wonder how you ever got along without it.

    I've encountered a fair number of photographers who eschew flash indoors and
    wax eloquent on the virtues of available light. And I'll readily concede that
    there are times when available light is the right, or even the only, solution.
    But I think most indoor photographers will do a better job most of the time if
    they use bounce flash.

    Bob
     
    Robert Coe, Jan 7, 2013
    #15
  16. Steve B

    Steve B Guest

    TY

    I'll try to convince SIL to bend that little thing that's built to bend
    ........ even bend over backwards.

    And comments noted for my own use.

    Steve
     
    Steve B, Jan 7, 2013
    #16
  17. Steve B

    Savageduck Guest

    There are a few places to explore for information regarding use of
    flash or speedlights:

    < http://neilvn.com/tangents/flash-photography-techniques/ >
    < http://neilvn.com/tangents/flash-photography-techniques/4-bouncing-flash/ >

    < http://photographylife.com/flash-photography-tips >

    < http://www.nikonusa.com/en/Learn-And-Explore/Query/h4l7gjfh/flash.html >

    < http://www.kenrockwell.com/nikon/flash.htm >
     
    Savageduck, Jan 7, 2013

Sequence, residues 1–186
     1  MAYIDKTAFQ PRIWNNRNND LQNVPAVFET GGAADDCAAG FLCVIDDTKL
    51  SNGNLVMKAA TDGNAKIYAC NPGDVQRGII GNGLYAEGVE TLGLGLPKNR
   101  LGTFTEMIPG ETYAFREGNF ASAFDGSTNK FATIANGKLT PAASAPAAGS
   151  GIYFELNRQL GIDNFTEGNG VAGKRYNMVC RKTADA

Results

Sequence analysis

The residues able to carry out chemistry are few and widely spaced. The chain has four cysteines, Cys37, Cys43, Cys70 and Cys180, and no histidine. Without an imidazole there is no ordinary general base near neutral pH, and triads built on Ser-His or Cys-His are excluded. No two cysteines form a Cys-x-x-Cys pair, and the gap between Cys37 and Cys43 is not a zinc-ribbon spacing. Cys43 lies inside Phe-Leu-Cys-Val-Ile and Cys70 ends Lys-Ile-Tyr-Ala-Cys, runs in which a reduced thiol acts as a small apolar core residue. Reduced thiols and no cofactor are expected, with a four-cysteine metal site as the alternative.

#17
  18. Steve B

    Whiskers Guest

    When you aren't using a flash-gun, almost all your photos are taken using
    bounced light; it's "natural". Flash lighting is not natural, and
    flash-on-camera is the cause of "red-eye" and "deer in the headlights"
    images; unless you /want/ that sort of effect, you have to bounce the flash
    off something, and/or put the flash gun(s) where you want the light to be
    coming from in your image.

    Improvised surfaces for bouncing off can be created by using newspapers or
    a pale coat or cloth, held by a by-stander, if you don't happen to have
    purpose-made reflectors with you.

    Beware of bouncing your flash off something that will give your pictures a
    colour you don't want - a white or grey ceiling might by OK, but green
    might not be, and dark colours don't bounce much at all. That's why press
    photographers often have 'diffuser reflectors' attached to their on-camera
    flash guns and tilt them around to get slightly softer and more flattering
    lighting.
     
    Whiskers, Jan 7, 2013
    #18
  19. Steve B

    DanP Guest

    Unless this is exactly what you wanted. Have a look at this http://photo.net/photodb/photo?photo_id=10161232
    Flash killed the daylight.


    DanP
     
    DanP, Jan 7, 2013
    #19
  20. Steve B

    DanP Guest

    DanP, Jan 7, 2013
    #20